There are other differences between Stark Law and the Florida Act beyond the ESRD exception. Therefore, when considering an arrangement involving physicians in Florida, it is important to evaluate whether the arrangement complies with both federal and state law.

For more information, please contact David L. Schick at or 407.649.4084 or Jessica Captain Novick at or 407.649.4025.

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To paraphrase a famous quote, "Those who do not learn from history are doomed to repeat it," and providers who ignore the significance of the federal government's healthcare fraud enforcements efforts in 2012 do so at their own peril. As expected, 2012 saw an increase in the number of criminal, civil and administrative enforcement cases, fueled by additional funding and enforcement tools provided by the Affordable Care Act (ACA) and other regulatory overhauls that are fundamentally reshaping the healthcare industry. But 2012 also included unexpected and unprecedented developments that could serve as important indicators of what's to come in 2013. Using lessons from 2012, we have compiled a list of the ten fraud and abuse enforcement trends that providers simply cannot afford to ignore in 2013:

  1. Hospitals beware: Increased enforcement activity may be headed your way.
    In 2012, large pharmaceutical companies frequently were targeted in enforcement actions. Many of the pharmaceutical industry's biggest players, including Abbott, GlaxoSmithKline (GSK) and Pfizer, settled allegations of off-label promotion and improper sales conduct by paying millions and, in some cases, billions of dollars to the federal government. However, now that most of these large pharmaceutical companies have resolved their fraud and abuse liability, the federal government appears to be shifting its enforcement focus to hospitals. The year 2012 saw a general increase in the number of settlements involving hospitals, with many settlements focusing on allegations that the hospitals were admitting patients for the performance of services, such as kyphoplasty services, that should have been performed on an outpatient basis. These settlements involved some large and well-known hospital systems and resulted in substantial recoveries for the federal government. Hospitals can expect more of this enforcement activity in 2013.
  2. When it comes to HIPAA/HITECH enforcement, the gloves are off.
    The HHS OCR published an unprecedented number of settlements stemming from breaches of unsecured electronic health information under HIPAA/HITECH in 2012. In doing so, OCR sent a strong message to the healthcare industry: the time for education is over -- the time for enforcement is now. For example, the OCR published the first ever settlement agreement stemming from a breach affecting less than 500 individuals in 2013, further demonstrating its zero tolerance approach towards HIPAA/HITECH violations. In addition, the long-awaited HIPAA Omnibus Final Rule finally has been released, increasing the penalties noncompliant providers could face. In light of the Final Rule, we can expect record-breaking levels of HIPAA/HITECH enforcement activity to continue in 2013.
  3. More individuals, including C-suite executives, are being held personally accountable.
    The federal government has demonstrated a willingness to supplement the deterrent effect of monetary penalties against noncompliant corporations by holding individuals, including corporate officers and executives, personally accountable for the actions of their corporation. This strategy was readily apparent in Friedman v. Sebelius (D.C. Cir., No. 11-5028, July 27, 2012). In Friedman, Purdue Frederick Company's president, executive vice president, chief legal officer and vice president of medical affairs each pleaded guilty to misdemeanor misbranding charges under the Responsible Corporate Officer (RCO) doctrine in connection with fraudulent marketing practices. Under the RCO, the government did not need to prove that the executives intended to violate the law -- just that they failed to prevent violations occurring within the company.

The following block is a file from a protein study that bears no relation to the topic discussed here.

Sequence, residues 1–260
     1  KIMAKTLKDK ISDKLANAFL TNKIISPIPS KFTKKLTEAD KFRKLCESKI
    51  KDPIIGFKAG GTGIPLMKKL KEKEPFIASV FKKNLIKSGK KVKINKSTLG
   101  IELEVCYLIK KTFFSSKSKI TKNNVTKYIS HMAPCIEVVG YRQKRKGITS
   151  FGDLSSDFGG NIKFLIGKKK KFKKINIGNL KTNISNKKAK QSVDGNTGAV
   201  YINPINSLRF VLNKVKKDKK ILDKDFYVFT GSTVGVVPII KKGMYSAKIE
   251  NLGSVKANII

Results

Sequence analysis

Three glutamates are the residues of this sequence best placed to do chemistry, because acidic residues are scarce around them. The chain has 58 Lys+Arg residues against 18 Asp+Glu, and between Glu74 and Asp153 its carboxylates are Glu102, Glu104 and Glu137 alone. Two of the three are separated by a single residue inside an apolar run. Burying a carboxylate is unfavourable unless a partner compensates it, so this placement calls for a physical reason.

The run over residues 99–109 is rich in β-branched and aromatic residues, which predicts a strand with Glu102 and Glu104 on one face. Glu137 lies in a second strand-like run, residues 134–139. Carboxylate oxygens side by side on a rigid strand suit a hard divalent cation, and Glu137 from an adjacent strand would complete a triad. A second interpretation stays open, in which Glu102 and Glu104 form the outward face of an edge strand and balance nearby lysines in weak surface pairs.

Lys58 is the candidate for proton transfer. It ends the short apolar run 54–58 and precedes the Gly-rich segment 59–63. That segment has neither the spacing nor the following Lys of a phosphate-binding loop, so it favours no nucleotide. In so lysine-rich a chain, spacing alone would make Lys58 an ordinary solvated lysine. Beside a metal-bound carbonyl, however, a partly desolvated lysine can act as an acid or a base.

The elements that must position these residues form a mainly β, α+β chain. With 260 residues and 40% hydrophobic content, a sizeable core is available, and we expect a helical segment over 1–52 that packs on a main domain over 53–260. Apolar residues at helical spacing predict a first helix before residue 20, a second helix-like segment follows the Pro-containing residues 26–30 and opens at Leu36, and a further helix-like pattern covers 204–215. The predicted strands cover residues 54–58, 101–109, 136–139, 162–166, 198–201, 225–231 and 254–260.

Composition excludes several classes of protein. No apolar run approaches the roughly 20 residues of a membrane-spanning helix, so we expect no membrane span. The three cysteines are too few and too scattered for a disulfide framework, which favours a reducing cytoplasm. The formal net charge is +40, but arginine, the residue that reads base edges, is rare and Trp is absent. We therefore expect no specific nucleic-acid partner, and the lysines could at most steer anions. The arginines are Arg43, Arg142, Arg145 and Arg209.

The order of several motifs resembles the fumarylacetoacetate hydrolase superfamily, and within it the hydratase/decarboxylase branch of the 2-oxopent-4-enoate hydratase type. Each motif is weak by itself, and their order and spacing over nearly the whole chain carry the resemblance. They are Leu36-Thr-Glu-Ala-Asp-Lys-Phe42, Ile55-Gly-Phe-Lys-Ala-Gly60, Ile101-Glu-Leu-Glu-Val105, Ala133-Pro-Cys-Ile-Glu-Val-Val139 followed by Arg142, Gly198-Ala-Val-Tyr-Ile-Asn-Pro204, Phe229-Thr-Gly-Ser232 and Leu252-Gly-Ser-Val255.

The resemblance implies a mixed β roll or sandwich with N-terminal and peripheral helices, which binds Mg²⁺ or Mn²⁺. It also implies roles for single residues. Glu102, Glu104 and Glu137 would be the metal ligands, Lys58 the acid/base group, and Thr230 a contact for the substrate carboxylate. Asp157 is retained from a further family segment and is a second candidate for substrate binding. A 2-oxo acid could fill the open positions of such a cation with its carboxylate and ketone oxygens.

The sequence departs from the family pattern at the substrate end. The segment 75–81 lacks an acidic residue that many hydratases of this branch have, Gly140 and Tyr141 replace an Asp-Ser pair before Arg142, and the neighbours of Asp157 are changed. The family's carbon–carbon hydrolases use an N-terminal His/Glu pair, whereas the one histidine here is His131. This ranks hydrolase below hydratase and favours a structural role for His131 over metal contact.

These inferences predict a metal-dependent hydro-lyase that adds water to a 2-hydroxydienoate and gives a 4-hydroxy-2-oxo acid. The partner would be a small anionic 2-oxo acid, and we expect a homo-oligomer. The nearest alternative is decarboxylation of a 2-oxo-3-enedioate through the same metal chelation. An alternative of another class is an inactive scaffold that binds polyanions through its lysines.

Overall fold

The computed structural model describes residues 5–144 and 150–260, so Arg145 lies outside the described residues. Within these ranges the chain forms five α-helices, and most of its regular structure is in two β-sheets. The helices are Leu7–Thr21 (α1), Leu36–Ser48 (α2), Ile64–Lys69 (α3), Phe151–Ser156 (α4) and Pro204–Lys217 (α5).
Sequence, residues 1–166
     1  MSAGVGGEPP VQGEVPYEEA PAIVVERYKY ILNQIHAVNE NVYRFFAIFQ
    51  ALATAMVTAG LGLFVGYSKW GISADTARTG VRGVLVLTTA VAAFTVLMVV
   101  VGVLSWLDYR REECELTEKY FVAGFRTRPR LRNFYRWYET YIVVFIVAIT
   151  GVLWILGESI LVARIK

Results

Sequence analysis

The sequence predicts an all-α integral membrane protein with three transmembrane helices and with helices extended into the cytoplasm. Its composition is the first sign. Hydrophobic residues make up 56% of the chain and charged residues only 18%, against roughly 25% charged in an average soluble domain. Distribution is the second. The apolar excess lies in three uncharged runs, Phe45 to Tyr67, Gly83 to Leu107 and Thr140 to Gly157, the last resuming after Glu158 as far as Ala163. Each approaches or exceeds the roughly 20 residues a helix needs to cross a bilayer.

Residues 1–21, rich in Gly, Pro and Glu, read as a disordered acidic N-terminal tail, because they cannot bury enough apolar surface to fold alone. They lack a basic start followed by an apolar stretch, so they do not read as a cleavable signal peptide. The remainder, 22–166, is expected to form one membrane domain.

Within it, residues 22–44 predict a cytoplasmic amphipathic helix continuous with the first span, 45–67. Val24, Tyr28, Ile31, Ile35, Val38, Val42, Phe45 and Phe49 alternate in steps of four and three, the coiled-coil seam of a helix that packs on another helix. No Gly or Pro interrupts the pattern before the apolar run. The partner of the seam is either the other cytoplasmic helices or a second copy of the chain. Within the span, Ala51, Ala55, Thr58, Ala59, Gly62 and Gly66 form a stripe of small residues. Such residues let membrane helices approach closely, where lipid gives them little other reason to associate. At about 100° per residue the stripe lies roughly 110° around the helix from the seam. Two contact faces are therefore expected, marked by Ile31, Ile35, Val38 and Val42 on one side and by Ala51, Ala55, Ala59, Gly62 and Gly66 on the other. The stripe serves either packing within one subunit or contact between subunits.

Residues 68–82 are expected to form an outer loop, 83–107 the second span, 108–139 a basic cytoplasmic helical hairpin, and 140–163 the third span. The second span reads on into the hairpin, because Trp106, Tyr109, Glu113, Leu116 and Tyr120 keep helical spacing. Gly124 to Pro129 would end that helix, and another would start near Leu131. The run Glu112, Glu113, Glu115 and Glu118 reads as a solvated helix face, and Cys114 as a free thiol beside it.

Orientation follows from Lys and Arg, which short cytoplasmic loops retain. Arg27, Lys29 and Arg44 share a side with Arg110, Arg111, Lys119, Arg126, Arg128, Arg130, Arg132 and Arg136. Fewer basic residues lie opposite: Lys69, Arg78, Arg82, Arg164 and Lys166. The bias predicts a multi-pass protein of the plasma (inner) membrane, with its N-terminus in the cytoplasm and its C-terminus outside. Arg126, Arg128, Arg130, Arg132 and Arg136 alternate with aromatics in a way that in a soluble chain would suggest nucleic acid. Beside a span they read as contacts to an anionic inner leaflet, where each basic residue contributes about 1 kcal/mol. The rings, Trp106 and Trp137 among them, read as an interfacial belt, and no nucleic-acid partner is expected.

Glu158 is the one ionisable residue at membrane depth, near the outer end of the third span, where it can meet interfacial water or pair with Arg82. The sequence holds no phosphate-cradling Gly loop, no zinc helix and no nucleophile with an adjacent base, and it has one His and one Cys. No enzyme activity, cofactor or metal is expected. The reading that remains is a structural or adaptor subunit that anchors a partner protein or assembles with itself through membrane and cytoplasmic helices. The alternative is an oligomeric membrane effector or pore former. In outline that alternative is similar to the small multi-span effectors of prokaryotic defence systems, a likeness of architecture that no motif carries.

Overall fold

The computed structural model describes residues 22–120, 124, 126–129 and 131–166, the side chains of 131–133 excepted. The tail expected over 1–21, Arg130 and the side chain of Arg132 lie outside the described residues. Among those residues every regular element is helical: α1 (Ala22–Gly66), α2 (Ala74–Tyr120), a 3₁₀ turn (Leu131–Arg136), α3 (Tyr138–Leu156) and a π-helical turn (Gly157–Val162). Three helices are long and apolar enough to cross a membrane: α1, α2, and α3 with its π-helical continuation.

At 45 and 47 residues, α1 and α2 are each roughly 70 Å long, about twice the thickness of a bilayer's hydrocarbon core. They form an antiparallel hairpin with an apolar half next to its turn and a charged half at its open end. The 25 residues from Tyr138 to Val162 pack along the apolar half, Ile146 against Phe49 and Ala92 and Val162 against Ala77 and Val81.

But the federal government's efforts to hold these individual's accountable did not stop with the criminal prosecution. The HHS OIG also moved to exclude the Purdue executives from participation in federal healthcare programs for a period of 20 years. While the length of these exclusions was eventually reduced, Friedman sent a clear message that fraud and abuse will be addressed at the individual as well as the corporate level.

    Two other 2012 cases further demonstrated this approach. In its plea agreements with GSK and Abbott Pharmaceuticals, the DOJ required the president of GSK's North American Pharma Division and Abbott's CEO to personally certify, under penalty of perjury, that their respective companies had satisfied the government's compliance requirements under the agreement. Such Sarbanes-Oxley-type certification requirements underscore the government's focus on deterring fraud and abuse by holding individuals, including corporate officers and executives, personally accountable. As 2013 promises to bring more of the same, C-suite executives should be aware that failing to be actively involved in their organization's compliance efforts could result in personal liability.
  4. OIG's broadly interpreted permissive exclusion authority for misdemeanor conduct "related to fraud" may make some executives think twice about pleading guilty.
    In addition to revealing the federal government's intention to hold corporate officers and executives personally accountable, Friedman also may have affected the strategy by which individuals charged with criminal healthcare fraud offenses choose to resolve their case. Recall that in Friedman, the Purdue executives pleaded guilty in a criminal case to a misdemeanor charge of off-label promotion of drugs. This charge did not require any proof or admission by the defendants that they had engaged in fraudulent or intentional misconduct. Nonetheless, the OIG exercised its permissive exclusion authority against the executives on the basis that a conviction for misbranding of a drug constituted a misdemeanor "relating to fraud" under 42 U.S.C. § 1320a-7(b). In upholding the exclusion, the D.C. Circuit Court of Appeals reasoned that the exclusion statute was intended to apply broadly to any conviction that has a "factual connection" to fraudulent conduct, even if the offense charged does not require proof of fraud. In light of Friedman, individuals should consider the consequences of pleading guilty to misdemeanor charges in an effort to resolve a case that could include felony charges, as doing so could result in exclusion if the OIG finds that the misdemeanor has a factual connection to fraudulent conduct.